Common filler phrases and words include:

  • to the extent that

  • for all intents and purposes

  • when all is said and done

  • from the perspective of

  • point in time

This list is not exhaustive. These “canned phrases” are pervasive in technical writing. Remove them whenever they occur.


Semicolons are used to separate two independent clauses which could stand as individual sentences but which the writer feels would benefit by close proximity.

Semicolons can almost always be replaced with periods (full stops). This rarely diminishes correctness and often improves readability.


These "canned phrases" are pervasive in technical writing; remove them whenever they occur.


These "canned phrases" are pervasive in technical writing. Remove them whenever they occur.


Third-person personal pronouns

Third-person personal pronouns are:

  • he/him/his

  • she/her/her(s)

  • they/them/their(s)


While some people consider they/them/their to be non-standard (or “incorrect”) as third-person singular, it has gained wide use as a gender-neutral or gender-ambiguous alternative to he or she.

There are two issues with personal pronouns:

  • gender bias

  • clarity

To avoid gender bias, the third person gender-neutral they/then/their(s) is preferred over he or she pronouns when writing about abstract individuals.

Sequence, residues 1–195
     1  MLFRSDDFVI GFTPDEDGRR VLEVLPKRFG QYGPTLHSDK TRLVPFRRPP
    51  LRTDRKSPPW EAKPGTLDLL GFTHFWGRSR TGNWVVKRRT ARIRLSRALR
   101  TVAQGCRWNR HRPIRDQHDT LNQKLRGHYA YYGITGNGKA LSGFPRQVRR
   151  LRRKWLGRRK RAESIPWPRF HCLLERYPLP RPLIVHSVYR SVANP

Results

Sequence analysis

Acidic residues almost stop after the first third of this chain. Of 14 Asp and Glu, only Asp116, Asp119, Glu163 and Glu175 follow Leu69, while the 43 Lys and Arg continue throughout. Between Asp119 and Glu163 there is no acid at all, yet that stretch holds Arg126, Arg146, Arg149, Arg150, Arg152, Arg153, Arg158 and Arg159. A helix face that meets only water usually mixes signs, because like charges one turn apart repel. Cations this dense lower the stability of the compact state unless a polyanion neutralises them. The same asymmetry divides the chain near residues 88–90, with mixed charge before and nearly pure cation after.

The enumerator uses his device.


The enumerator uses their device.

Unfortunately, they/them/their is not a perfect solution. Since it is conventionally used as a plural pronoun, it can cause confusion.

Therefore, avoid the use of personal pronouns whenever possible. They are often out of place in technical writing anyway. Rewriting passages to avoid personal pronouns often makes the writing more clear.


When using Collect, first the enumerator opens the app on their device. Then they complete the survey.


To use Collect:

- open the app
- complete the survey


Same, when used as an impersonal pronoun, is non-standard in Modern American English. It should be avoided.


NEMO is a data collection tool. The same can be used for...


NEMO is a data collection tool. It can be used for...


NEMO is a data collection tool that is used to...


Title case and sentence case

Document titles should be in Title Case – that is, all meaningful words are to be capitalized.

Section titles should use Sentence case – that is, only the first word should be capitalized, along with any proper nouns or other words usually capitalized in a sentence.

Verb forms

If a document or section describes a procedure that someone might do, use a verb ending in -ing. (That is, a gerund.) Do not use the “How to…” construction.


How to install NEMO


Installing NEMO

If section title is a directive to do something (for example, as a step in a procedure), use an imperative.

Installing NEMO

Download NEMO

Section content here.

Section labels

Section titles should almost always be preceded by labels.

The only exception is very short subsections that repeat — like the Right and Wrong titles in this document.

In these cases, you may want to use the rubric directive.

Other titling considerations

  • Do not put step numbers in section titles.

  • Readers skim. Section titles should be clear and provide information.


This document is a derivative of the original ODK style guide licensed under a Creative Commons Attribution 4.0 International License.